Plastic Bags Must Go!
In 1977, the first plastic grocery bags started to make an appearance in stores. Today, what was once a novelty is such an integral part of our lives that we barely notice them. That seemingly insignificant piece of plastic that we may not give much thought to is, however, causing immense damage to our planet.
Forty one years later, we now know the plastic bag, like all plastic, doesn’t biodegrade, it photodegrades. That means, instead of breaking down, it only breaks up into smaller and smaller pieces. All plastic cause terrible harm in the environment, but plastic bags are particularly insidious because they are so light. They get caught in the wind and fly away from all sorts of places. They even fly right off the top of garbage piles in landfills. Once they fly away, they get caught on trees and bushes, fences and unfortunately end up in our waterways. All too often, they find their way into the ocean, and that is where they cause the most damage.
Plastic View from the Sea
To sea creatures, plastic bags floating in the ocean look just like jellyfish. When eaten, animals are unable to pass the plastic, and they starve from an artificially full stomach.
Plastic is killing thousands of sea animals every year, yet our plastic consumption keeps growing. It has been estimated that at our current rate of consumption, there will be more plastic than fish in the ocean by 2050. That is a thought that keeps me up at night. How will our children cope with the future environmental problems we leave as our legacy to them?
Ban and Charge for Bags
The obvious answer for me is to ban plastic bags and charge for paper bags. Paper bags do heavy damage to the environment in their own way due to manufacturing and transportation processes. Paying for bags can create an economic disadvantage for lower income residents, but distributing inexpensive or free reusable bags would solve both the affordability issue and the issue of pollution from paper bag manufacture.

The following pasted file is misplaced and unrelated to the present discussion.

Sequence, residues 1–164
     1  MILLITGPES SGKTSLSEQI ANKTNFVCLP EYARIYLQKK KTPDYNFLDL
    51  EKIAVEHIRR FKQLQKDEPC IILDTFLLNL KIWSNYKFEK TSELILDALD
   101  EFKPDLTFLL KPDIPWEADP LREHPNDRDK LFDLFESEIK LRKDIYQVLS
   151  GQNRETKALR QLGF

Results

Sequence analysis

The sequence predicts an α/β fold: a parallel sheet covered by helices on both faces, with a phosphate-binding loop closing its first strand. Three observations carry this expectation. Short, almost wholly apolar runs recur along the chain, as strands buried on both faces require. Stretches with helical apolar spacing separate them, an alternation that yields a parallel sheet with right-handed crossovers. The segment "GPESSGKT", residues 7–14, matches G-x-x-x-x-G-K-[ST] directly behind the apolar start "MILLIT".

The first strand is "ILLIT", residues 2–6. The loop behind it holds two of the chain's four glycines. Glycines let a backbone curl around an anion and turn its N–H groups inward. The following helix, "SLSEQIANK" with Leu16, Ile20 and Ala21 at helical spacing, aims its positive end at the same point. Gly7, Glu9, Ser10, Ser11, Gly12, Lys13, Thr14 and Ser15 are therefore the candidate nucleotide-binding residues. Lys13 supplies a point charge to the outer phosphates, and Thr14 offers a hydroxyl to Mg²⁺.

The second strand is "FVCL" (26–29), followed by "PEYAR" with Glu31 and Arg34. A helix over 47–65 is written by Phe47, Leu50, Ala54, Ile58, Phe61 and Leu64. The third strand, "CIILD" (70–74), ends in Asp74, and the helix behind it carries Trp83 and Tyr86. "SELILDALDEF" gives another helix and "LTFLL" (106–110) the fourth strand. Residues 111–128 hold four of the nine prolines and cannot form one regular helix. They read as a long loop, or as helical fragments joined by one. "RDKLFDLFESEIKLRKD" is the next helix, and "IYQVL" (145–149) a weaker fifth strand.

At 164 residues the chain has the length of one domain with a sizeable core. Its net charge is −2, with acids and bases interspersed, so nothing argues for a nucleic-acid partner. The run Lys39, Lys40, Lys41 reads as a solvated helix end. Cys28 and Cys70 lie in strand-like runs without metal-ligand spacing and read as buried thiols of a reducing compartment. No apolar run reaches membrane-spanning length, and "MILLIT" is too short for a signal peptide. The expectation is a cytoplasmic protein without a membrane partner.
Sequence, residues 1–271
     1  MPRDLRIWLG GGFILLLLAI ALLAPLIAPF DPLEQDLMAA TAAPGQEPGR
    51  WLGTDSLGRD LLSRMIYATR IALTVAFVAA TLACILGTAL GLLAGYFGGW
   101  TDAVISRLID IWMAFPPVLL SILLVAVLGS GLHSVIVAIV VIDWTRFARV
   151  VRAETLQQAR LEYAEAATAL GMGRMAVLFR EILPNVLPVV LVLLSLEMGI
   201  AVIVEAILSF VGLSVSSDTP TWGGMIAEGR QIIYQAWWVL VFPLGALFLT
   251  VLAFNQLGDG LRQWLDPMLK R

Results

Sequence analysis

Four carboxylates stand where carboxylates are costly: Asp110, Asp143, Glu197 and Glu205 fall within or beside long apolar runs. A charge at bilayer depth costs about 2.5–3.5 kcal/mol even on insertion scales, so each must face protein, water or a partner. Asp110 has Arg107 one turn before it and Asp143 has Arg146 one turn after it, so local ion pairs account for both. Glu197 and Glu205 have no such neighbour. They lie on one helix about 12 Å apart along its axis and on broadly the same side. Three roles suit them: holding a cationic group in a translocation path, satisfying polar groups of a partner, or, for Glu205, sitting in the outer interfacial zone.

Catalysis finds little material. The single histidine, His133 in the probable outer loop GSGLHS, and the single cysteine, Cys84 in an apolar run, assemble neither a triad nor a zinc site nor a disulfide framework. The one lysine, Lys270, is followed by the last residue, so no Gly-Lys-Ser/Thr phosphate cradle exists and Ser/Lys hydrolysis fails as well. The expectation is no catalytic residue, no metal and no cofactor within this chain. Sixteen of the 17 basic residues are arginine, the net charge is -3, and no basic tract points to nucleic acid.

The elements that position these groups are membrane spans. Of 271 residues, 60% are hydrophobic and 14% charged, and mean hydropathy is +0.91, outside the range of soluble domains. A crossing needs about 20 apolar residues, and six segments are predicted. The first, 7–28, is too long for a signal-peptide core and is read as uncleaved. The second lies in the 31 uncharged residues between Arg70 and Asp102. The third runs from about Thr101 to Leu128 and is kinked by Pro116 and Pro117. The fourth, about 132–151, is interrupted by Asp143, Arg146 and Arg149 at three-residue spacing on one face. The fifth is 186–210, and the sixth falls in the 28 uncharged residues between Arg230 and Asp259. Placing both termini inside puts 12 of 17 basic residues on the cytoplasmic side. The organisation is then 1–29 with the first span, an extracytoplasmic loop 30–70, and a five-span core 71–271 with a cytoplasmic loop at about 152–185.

Plastic bag bans have already passed in two towns in Connecticut and there are at least a dozen other towns currently working on a ban. Unfortunately, a state ban in Connecticut has failed numerous times. It is time we take this matter into our own hands.
If you and a few other people in your town care about reducing plastic pollution, you can pursue a plastic bag ban in your town too. I am not going to pretend that it’s easy, because it most certainly is not. But as they say, nothing worth doing is ever easy. There are wonderful people who have walked this path ahead of us, who are ready and willing to help us on our own journey. We can band together, support each other and make plastic bag bans pop up all over our beautiful state. Just think of what a nice dent that would make in a very serious problem! I have four kids, and I know that they deserve a much better world than the one that we are leaving them. We can all play a part in leaving a more decent world behind for all of our children.
Vanessa Villamil is an activist, including her membership in CT Chapter Sierra Club’s Political Committee. Contact her at email@example.com.